A Catholic writer who runs a fairly well-trafficked Latin traditionalist website recently tried to rebuke me on social media for inordinately focusing on “things Eastern” vis-à-vis the ongoing crisis in the Catholic Church when, so the argument goes, Pope Francis is systematically destroying the Latin Church (which, as we all know, is the dominant form of Catholicism today). This came in response to my rhetorical question over whether or not the same traditional Catholics who are upset over Francis’s recent intervention into the affairs of the Knights of Malta would holler as loudly if the Pope moved to impose clerical celibacy on the Eastern Catholic churches. Clerical celibacy, mind you, was just an example; I could just as easily used azymes. My point was not to discuss the issue of clerical celibacy but to highlight a certain myopia which exists within the Catholic Church (particularly among traditionalists) when it comes to the Christian East, particularly Eastern Catholics who, for centuries, have had to endure incessant incursions into their proper autonomy from Rome for largely indefensible reasons. Why are these incursions—which still transpire today—acceptable but the one against Malta not?
As a Greek Catholic, I have no love for what Pope Francis is doing to the Latin Church; but I believe in consistency. If it is beyond the pale for the Ordinary of Rome to meddle with longstanding constructs of sovereignty, to say nothing of traditional disciplines and norms of the Latin Church, then why should the East ever be fair game for any interference from the West? Granted, most traditional Latin Catholics don’t think on such things, just as they don’t pray the Luminous Mysteries of the Rosary either.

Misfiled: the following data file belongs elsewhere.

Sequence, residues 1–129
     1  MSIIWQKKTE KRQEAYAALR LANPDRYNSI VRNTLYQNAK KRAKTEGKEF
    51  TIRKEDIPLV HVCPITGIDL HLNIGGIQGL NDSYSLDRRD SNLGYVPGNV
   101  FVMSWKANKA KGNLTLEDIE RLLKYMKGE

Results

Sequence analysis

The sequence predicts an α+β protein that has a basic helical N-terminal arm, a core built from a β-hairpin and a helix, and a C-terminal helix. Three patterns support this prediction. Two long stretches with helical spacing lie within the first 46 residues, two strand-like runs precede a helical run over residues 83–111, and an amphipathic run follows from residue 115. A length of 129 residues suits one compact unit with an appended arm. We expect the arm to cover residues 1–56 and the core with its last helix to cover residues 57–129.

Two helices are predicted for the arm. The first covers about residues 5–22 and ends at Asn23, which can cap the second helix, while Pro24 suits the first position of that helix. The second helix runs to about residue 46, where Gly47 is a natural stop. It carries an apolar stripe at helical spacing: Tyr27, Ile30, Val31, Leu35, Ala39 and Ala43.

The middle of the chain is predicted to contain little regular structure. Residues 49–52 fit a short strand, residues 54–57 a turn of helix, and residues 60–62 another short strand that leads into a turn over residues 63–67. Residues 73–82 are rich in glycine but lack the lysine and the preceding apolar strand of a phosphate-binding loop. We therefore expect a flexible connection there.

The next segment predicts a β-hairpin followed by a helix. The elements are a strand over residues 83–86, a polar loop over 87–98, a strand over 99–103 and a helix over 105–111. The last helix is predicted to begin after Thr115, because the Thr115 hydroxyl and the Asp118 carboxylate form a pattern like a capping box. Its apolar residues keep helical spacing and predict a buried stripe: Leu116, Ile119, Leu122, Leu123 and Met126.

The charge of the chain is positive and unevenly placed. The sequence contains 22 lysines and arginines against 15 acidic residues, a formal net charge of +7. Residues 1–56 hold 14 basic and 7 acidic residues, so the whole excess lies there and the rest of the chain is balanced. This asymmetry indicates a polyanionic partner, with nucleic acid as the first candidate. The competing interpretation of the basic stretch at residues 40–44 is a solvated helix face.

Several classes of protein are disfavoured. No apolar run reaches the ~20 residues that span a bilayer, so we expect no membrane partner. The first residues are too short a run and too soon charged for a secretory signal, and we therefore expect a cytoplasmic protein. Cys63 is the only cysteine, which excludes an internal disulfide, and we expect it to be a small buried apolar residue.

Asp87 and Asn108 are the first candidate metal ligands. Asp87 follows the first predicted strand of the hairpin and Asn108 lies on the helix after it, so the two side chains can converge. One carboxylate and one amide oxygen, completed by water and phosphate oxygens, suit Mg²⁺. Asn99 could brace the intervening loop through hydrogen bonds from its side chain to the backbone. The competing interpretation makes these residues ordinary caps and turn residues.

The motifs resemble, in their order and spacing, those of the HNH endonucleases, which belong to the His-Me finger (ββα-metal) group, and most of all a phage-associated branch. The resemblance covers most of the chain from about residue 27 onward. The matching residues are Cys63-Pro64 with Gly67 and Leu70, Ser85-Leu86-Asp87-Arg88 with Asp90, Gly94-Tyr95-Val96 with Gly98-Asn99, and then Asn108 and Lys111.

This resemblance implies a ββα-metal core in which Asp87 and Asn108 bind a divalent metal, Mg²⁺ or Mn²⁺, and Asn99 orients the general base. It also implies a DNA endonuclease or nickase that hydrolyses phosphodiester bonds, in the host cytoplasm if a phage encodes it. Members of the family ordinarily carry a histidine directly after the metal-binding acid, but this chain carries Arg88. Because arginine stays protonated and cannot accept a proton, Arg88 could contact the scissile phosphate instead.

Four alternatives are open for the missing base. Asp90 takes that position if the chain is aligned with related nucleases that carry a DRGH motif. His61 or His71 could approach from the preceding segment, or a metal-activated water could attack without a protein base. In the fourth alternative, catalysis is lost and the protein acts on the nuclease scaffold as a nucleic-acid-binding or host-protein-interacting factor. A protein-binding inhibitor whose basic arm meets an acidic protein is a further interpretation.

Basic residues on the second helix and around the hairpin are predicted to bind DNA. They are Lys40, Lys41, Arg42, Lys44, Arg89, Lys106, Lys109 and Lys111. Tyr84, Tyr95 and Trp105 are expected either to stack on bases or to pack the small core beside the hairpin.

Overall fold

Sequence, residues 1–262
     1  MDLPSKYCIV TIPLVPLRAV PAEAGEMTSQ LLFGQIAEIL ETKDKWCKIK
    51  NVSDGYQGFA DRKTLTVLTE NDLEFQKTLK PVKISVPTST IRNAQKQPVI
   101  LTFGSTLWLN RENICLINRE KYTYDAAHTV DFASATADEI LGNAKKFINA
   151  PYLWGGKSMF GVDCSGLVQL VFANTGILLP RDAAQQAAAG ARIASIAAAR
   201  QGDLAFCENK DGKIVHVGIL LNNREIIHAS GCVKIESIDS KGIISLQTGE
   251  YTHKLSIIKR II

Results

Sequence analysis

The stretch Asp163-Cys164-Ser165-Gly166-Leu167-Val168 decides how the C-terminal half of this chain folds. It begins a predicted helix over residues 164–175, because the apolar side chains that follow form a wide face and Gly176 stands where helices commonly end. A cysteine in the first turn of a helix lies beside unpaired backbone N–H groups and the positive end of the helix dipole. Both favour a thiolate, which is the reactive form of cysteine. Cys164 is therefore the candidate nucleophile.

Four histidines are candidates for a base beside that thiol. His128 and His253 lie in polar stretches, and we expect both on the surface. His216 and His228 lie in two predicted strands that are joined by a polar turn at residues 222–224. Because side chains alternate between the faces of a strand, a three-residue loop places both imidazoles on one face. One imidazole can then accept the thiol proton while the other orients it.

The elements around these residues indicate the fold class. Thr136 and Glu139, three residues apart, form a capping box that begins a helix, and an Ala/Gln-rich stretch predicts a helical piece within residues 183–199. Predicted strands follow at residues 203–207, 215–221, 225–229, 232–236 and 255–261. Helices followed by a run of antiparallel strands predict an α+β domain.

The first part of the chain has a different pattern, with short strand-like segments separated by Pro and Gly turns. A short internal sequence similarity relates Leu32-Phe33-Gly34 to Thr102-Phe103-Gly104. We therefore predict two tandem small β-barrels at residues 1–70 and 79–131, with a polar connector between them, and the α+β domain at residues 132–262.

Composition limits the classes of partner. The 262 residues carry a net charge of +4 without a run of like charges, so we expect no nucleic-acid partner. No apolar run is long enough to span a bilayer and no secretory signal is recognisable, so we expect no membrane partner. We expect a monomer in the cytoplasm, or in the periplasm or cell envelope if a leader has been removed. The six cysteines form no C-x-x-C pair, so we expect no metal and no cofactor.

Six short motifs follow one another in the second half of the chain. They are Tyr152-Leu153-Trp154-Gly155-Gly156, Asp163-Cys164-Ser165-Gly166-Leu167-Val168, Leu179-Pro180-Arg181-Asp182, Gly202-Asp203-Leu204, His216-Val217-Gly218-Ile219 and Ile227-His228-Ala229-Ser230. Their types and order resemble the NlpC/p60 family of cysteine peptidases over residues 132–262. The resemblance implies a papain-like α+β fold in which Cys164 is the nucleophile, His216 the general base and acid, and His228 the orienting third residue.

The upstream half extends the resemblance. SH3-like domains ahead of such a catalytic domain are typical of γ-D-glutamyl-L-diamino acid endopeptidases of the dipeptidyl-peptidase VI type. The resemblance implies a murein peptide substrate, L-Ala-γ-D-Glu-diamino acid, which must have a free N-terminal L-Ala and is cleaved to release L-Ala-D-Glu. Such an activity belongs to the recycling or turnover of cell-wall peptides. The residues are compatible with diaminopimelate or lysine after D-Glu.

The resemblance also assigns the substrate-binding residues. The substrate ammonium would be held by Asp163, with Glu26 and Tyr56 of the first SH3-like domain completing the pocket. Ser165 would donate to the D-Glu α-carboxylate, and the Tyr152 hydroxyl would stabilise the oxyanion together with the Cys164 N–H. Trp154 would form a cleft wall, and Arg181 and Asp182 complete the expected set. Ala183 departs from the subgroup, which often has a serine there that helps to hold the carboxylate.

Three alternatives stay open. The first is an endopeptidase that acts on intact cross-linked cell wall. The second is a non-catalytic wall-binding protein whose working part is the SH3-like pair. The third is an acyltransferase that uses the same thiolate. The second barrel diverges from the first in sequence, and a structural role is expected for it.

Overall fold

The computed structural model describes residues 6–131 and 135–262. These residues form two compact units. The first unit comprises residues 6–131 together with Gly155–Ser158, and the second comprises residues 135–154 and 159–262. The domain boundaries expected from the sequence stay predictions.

Now, before people start jumping down my throat claiming that I am unfairly picking on Latin Catholics, let me remind everyone reading that I am equally critical of Eastern myopia, particularly when that myopia leads to emptyheaded triumphalism. This is not an exclusively Eastern Orthodox phenomenon, mind you. Plenty of Eastern Catholics—cradle or otherwise—love reveling in the apparent differences (read: deficiencies) found within Latin Catholicism compared to the allegedly “pure East.” For some of those coming from the Byzantine tradition in particular, anything which is not “Byzantine” immediately becomes suspect, if not presumptively aberrant or heretical. Such folks also rejoice at finding instances where the Latin West broke with some (allegedly) “unbroken” tradition from the first millennium, but howl in agony when a Latin notes the many instances where the Byzantines did the same. Undoubtedly the most contentious example of this breaking involves the Eastern Orthodox condoning the practice of second (and even third) marriages when the first spouse is still living—a rather late development that emerged from the conflation of Byzantine (Roman) civil and ecclesiastical law. Make mention of this inconvenient historical truth as a Greek Catholic and be prepared to be called a “Latinizer.”
At some point one has to realize this is all very silly (if not terribly sad). There is no form of triumphalism on this earth that is in any way, shape, or form defensible. Moreover, in a day and age where mankind’s historical horizon stretches to unprecedented lengths, the ignorance which certain bands of Apostolic Christians cling to for dear life are as lamentable as they are perverse. The Church neither began in 1563 nor ended in 1054. Our Lord Jesus Christ had 12 Apostles, not one. No one thought until recent centuries that pious devotions ranging from Novenas to Akathists should displace the Divine Office. Oh, and by the way, “thought” is not a late-medieval Scholastic innovation, either.